Our agency began partnering with the public library system in June 2008 as part of an effort to improve customer service. People can take required paperwork to any of 41 branches located throughout the county during more convenient hours, including evenings and weekends.

Library staff have been trained to handle JFS documents such as applications, rent receipts and pay stubs. They fax the documents to the department’s main building, relieving clients of mailing or taking them downtown.

Unfortunately, most often clients still need to come to the agency for application or reapplication appointments. But they don’t need to make return trips to drop off papers they may have forgotten, or not known they needed.

Library employees fax a cover letter with basic information such as the branch location and customer’s name as well as a check list of verification documents ranging from employment verifications to rent receipts. If necessary, they copy the documents for faxing. They give the client a receipt confirming the transaction.

I encourage them to use this free service, so they can stretch their thin resources.

Helping people better understand our role

In yesterday’s live chat about Medicaid, food assistance and cash assistance, we received a number of good questions from people who may be accessing services for the first time.

Some seemed confused about the difference between unemployment compensation and cash assistance.

Others had been laid off, receiving unemployment and food stamps, and inquiring if they might qualify for other help.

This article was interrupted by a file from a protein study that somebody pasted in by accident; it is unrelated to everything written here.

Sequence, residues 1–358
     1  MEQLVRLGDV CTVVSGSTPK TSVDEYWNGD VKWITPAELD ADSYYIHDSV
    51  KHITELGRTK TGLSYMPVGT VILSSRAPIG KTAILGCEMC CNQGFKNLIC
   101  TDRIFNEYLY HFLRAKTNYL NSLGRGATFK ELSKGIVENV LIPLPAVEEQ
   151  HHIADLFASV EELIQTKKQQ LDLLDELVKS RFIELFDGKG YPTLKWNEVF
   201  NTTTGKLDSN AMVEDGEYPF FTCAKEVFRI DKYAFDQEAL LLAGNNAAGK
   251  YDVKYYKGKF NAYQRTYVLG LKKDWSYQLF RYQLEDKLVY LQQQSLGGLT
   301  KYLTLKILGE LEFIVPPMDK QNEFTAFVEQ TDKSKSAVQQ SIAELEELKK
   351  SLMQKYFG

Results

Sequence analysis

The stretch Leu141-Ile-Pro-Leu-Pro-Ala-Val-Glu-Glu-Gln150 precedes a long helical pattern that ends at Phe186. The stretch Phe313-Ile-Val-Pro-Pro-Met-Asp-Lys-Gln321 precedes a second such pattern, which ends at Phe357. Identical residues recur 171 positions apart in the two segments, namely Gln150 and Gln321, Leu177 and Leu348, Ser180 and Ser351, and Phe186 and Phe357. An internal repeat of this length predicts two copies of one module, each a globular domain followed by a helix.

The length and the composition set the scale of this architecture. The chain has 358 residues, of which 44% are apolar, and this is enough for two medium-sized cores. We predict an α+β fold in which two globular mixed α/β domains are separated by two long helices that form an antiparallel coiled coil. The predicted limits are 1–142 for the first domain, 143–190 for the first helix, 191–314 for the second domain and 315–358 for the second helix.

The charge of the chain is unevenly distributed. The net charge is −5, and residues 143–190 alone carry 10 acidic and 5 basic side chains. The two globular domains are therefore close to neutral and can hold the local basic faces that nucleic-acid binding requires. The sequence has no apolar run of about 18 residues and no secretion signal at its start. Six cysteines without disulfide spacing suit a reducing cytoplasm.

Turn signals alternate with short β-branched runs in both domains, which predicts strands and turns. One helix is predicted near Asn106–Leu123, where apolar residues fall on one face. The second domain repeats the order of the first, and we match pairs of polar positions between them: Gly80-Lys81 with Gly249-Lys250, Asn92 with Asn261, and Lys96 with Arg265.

I’m glad we were able to offer answers as they work through challenging times.

Just to clarify, the Ohio Department of Job and Family Services handles unemployment compensation. You can find out more here:

Our agency, the Hamilton County Department of Job and Family Services, is where people come to apply for food assistance (formerly food stamps), Medicaid and cash assistance (Ohio Works First, or OWF). You can find out more about OWF — Ohio’s version of the federal Temporary Assistance to Needy Families (TANF) here:

Another helpful resource is the Online Service Center on our website ( It has applications and online calculators to help people determine if they might qualify for food assistance, Medicaid or cash assistance:

We’re glad to answer questions like those asked this week. Please continue to participate in our live online chats. Read transcripts or previous chats. This will help you better understand our programs and how to access them.

Using technology to improve customer service

“This service is incredible. It saves me $7.00 in bus fare. Please pass on accolades to whoever set this up!”

This is just one of many positive comments we get from people who take advantage of our live online chats on

Last week (June 28-July 2) was the busiest since we started offering chats for Medicaid, food assistance and cash assistance customers in March. We conducted 1,007 chats! The previous high was 892 the week of April 5. The average weekly chat number is 770.

Organizations such as National Association of County Human Services Administrators have praised our agency’s use of technology such as live chats to better serve the public. To see the association’s most-recent newsletter, please click here.

It’s wonderful to receive national recognition for our efforts, but the biggest payoff comes when we get comments such as those above.